A star on the rise

September 01, 1994|By Sandra McKee | Sandra McKee,Sun Staff Writer

NEW YORK -- Yevgeny Kafelnikov wanted to scream at the gods of tennis. Instead, he screamed at the line judge, screamed at the umpire, beat up several tennis balls and banged his racket on the court.

Later, with a straight face, he said the Stadium Court crowd was unruly.

"The conditions, a nightmare," said the 20-year-old from Sochi, Russia, who is playing in his first U.S. Open.

He was not penalized for any of his on-court antics, and two hours later one of the hottest players on the men's pro tennis tour was through his first-round match with a 7-6 (7-4), 7-5, 6-3 victory over Jacco Eltingh.

Now the No. 14 seed will face Martin Damm, a 6-2, 6-3, 4-6, 6-4 winner over Fernando Meligeni yesterday, in the second round tomorrow.

"I never expected to be on Stadium Court," said Kafelnikov. "It is such a big court and it was really tough to concentrate because of all the noise and people walking between points. I was warned about how it is, but I did not think it would be so much distraction. It is not peaceful."

And then there were those "outrageous" calls.

"There I was serving for the first set and I get those two bad calls," he said, brows furrowed with remembered worry. "I don't know, maybe -- I don't know if linesmen did it on purpose, but I mean, I was sure the ball was going out, that it was out, and twice he said ball was good and I was angry with that.

"Those two calls could have cost me the match but I think getting angry helped me win. It made me start to fight. I mean, I saved four set points. Getting mad made me concentrate and made me think I do not want to lose the first round at the U.S. Open."

Kafelnikov, who turned pro in 1992, started this season as the 104th-ranked player in the world. Since then, he has put together 52 victories. Only world No. 1 Pete Sampras, who has 58 following yesterday's 6-2, 6-2, 6-2 win over Kevin Ullyett, and No. 3 Sergi Bruguera, who has 56, have more.

Kafelnikov now is ranked No. 11. It has been a meteoric rise, and he has a clear perception of how to keep on soaring.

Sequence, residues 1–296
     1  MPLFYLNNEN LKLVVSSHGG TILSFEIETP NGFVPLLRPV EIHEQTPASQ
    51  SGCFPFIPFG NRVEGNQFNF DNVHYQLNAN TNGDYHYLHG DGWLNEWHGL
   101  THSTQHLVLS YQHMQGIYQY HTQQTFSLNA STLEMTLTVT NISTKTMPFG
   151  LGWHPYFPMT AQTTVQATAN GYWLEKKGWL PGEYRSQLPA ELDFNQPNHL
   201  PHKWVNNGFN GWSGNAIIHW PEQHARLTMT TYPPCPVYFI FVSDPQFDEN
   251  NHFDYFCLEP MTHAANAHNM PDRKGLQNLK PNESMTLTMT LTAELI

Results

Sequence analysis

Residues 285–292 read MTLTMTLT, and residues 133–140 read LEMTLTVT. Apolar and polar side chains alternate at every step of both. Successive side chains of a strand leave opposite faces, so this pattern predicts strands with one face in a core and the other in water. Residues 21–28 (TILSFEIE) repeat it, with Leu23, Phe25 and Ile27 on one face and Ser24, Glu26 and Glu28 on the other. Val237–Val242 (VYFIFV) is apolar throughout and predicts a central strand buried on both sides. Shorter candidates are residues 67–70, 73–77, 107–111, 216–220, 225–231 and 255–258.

"If I do well here, win two or three matches, I can make Top 10," he said. "So far, I have done a great job all year and I won the Hamlet. I even got a new, expensive watch for winning the Hamlet. I never have one before.

"But now I feel I can go further than even second round. But, if I don't. Next time."

To do well here, he will have to overcome a 13-year tradition.

Coming here as the Hamlet Cup winner, he is in good company. But though past Cup winners have included Stefan Edberg, Ivan Lendl and Andre Agassi, no Cup winner has ever won the U.S. Open in the same year he won the Hamlet.

But Kafelnikov already has been given a break here. Instead of having to play his first-round match Tuesday, after only one day's rest, he was allowed to play yesterday, as the Open spread its first-round matches over three days.

And already he has surpassed the performances of Hamlet winners Edberg (1990), Petr Korda (1992) and Marc Rosset (1993), who all won the Hamlet and went on to lose their first-round matches here.

"I think Kafelnikov has a great serve and great ground strokes," said Eltingh, who is ranked 34th. "But he doesn't take full advantage of the ground strokes, because he doesn't come to the net that often. And even though he put his first serve in a lot [70 percent of the time], I still had a lot of set points and break points."

Asked if those first-set opportunities came because Kafelnikov became angry and lost concentration, Eltingh shrugged.

"If I had managed to win that first-set tiebreaker, the temper might have hurt him," he said. "I'd like to see how he would be playing then. But, you know, how do you say it? He won and the winner is always right. In this case, he was getting angry and he won, so he is doing a really good job.

"His potential is great. In this match, he showed unbelievable passing shots, especially when I would come in really well with a really good approach, and he would still hit it by me with such speed. He has excellent acceleration on the ball. It will give trouble."

Over the past eight months, it has given other men on the pro tour a lot of trouble, as he has shown flashes of being perhaps the game's next great player.

The 6-foot-3 right-hander began playing tennis at age 6 in Sochi, about 20 minutes from the Georgian border. He is the son of Aleksandre, a high school volleyball coach, and Valentina, who played high school basketball. They taught him to appreciate many sports.

And though tennis won his sporting heart as a career, he also has a fondness for soccer, rooting for Milan, and hockey, throwing his support behind the Detroit Red Wings and their Russian star Sergei Fedorov.

"And I also like fishing very much," he said. "That is peaceful."

Not at all like the U.S. Open.

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